The bitter anger that greeted the not-guilty verdict for Trayvon Martin’s killer, George Zimmerman, continued into a second week with vigils outside federal buildings in more than 100 cities on Saturday, July 20. The call for demonstrations by Rev. Al Sharpton’s National Action Network and other liberal organizations—and even a rare acknowledgment of the issue of racism by President Barack Obama—showed the wide scope of discontent about the injustice in Sanford, Fla. At the protests, Sharpton and other speakers focused on the upcoming rally in Washington, D.C., to mark the 50th anniversary of a high point of the civil rights movement: the 1963 March on Washington for Jobs and Freedom.
With the latest protests, activists are asking whether this marks a new movement against racism. At a forum on July 17, Rats, Riots and Revolution: Black Housing in the 1960s, discussed what the Zimmerman verdict tells us about racism in America today—and what the struggle against bigotry and discrimination needs to take up., a Chicago activist and author of the forthcoming
… Though it was supposed to be a trial to determine the guilt or innocence of George Zimmerman, it quickly turned into a trial of Trayvon Martin, his family and his friends. The way they were put on trial exposed the racism of George Zimmerman and his lawyers, of course, but also the racism of the system itself.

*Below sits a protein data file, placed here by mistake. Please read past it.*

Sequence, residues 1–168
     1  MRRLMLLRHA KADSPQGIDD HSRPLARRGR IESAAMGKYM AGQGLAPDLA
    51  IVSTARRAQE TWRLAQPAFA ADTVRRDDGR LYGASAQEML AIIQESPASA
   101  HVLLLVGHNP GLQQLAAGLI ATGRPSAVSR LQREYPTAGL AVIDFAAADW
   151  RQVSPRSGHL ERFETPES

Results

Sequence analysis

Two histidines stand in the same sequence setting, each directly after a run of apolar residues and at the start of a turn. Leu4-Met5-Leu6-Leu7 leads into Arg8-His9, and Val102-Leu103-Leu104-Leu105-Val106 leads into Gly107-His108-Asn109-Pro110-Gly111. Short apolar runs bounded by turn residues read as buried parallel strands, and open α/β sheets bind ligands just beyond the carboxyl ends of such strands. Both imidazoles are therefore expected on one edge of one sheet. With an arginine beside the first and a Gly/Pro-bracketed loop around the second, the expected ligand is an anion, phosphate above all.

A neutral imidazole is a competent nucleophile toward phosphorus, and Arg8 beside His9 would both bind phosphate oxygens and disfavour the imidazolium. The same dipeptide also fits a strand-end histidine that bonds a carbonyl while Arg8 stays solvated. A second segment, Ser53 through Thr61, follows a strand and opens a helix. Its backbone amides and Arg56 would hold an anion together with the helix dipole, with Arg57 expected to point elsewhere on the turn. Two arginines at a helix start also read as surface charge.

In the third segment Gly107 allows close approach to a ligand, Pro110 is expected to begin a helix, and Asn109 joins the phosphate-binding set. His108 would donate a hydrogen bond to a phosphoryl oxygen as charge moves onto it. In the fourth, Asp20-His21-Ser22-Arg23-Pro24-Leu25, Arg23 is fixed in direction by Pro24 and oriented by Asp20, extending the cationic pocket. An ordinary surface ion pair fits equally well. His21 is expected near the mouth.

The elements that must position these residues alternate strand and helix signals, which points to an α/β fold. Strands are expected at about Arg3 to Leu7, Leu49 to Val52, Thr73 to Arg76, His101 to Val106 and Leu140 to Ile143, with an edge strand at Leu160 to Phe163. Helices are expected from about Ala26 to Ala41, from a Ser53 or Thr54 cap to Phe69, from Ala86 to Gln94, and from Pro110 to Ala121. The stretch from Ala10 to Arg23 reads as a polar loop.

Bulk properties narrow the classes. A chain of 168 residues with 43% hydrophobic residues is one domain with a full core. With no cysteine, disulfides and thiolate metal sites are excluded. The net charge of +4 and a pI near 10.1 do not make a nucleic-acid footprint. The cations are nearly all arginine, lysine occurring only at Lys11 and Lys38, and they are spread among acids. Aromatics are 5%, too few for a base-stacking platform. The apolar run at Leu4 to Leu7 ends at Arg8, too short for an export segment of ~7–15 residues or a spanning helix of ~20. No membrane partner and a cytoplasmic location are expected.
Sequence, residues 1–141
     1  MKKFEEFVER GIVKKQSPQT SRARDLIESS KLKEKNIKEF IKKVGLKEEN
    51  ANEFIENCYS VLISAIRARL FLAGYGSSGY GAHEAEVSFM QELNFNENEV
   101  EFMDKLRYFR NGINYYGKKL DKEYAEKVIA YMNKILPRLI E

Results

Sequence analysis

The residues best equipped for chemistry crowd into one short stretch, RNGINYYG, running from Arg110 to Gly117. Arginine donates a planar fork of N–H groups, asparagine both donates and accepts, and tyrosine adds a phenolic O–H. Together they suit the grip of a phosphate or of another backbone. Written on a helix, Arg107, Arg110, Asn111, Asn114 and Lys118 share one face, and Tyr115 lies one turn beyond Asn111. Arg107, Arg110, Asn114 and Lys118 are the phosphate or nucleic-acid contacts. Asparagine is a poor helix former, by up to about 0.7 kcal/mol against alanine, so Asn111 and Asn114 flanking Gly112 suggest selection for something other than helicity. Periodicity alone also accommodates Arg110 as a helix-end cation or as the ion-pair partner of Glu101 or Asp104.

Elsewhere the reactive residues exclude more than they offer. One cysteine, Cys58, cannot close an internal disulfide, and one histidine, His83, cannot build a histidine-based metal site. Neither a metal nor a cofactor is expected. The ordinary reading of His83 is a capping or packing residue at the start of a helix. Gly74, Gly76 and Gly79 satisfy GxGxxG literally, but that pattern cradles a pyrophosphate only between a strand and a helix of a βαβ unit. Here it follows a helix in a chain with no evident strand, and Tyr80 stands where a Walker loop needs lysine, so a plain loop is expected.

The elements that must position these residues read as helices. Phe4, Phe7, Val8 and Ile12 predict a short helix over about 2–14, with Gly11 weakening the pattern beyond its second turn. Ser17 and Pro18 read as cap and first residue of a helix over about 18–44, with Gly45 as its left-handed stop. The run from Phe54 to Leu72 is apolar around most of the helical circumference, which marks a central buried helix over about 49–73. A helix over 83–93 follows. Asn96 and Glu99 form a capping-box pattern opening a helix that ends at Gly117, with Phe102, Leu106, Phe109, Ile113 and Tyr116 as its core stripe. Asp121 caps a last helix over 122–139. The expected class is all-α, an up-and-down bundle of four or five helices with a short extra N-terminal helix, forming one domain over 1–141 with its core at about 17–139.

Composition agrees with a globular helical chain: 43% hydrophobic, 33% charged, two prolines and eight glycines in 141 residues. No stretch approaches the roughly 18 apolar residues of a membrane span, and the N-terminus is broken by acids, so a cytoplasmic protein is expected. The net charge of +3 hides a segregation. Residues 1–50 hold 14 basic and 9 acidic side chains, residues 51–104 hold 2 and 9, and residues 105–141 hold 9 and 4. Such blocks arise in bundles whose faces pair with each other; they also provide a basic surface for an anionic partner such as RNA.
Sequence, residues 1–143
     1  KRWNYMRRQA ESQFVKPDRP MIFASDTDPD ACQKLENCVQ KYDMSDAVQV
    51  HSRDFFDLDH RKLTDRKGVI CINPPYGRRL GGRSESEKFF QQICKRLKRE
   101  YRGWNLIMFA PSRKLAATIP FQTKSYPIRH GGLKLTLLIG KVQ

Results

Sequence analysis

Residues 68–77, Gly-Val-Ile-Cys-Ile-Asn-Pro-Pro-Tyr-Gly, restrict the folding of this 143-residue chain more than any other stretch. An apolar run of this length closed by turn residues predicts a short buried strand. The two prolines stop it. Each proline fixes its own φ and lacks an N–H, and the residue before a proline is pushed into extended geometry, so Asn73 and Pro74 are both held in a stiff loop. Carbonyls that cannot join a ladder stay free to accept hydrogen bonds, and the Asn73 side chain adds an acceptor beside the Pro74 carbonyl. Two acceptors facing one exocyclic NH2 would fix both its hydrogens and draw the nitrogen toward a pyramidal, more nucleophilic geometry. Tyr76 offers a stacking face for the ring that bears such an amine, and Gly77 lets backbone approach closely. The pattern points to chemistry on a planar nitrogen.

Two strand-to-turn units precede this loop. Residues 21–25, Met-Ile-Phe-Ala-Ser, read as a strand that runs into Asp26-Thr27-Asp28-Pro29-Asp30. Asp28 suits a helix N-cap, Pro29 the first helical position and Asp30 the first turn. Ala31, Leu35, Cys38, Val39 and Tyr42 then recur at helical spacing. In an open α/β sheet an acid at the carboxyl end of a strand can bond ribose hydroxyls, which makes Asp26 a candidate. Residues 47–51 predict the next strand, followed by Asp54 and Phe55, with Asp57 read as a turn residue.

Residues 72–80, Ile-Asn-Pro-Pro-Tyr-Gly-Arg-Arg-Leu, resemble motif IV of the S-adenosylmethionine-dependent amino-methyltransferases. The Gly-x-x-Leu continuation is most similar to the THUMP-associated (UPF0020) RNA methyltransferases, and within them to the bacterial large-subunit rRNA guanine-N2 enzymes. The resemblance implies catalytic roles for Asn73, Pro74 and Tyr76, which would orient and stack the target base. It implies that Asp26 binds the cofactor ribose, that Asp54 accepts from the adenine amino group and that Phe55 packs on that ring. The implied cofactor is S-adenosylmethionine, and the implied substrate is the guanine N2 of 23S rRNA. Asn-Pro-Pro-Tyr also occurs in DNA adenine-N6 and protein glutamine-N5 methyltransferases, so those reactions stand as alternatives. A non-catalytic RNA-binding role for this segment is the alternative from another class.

On one of the last days of the trial, some woman testified who had two Black youngsters break into her house—as if that somehow had anything to do with what happened to Trayvon Martin the night he was murdered. But this was allowed. So was the defense lawyers holding up a picture of Trayvon Martin with no shirt on—to say that this was the beast that confronted George Zimmerman.
There was clearly an attempt by the defense to appeal to the racism of the jury and invoke every racial stereotype in the book to try to legitimize George Zimmerman’s claims that he found Trayvon Martin suspicious, and had to follow him, and ultimately kill him.
But at the same time, the judge ruled that the issue of race couldn’t be discussed—because, he said, there was no evidence that George Zimmerman had ever made a racial insult or ever mentioned race. And therefore, if race isn’t mentioned, that means that racism isn’t a factor in the situation.
But for most of us, we know that whether it’s mentioned or not, racism is always involved in the criminal justice system, as it most certainly was in this case.
It’s why Martin was considered suspicious in the first place—because he was Black. It’s why the police believed Zimmerman, even though he was standing over the dead body of a 17-year-old boy—it was because Martin was Black. It’s why the police didn’t bother to find out if a teenager was missing from the nearby apartment complex where Martin was staying, and instead took his body and marked it as a John Doe—because he was Black. And it’s why it took it took 44 days for Zimmerman to be arrested in the first place.
All of these things happened because Trayvon Martin was Black.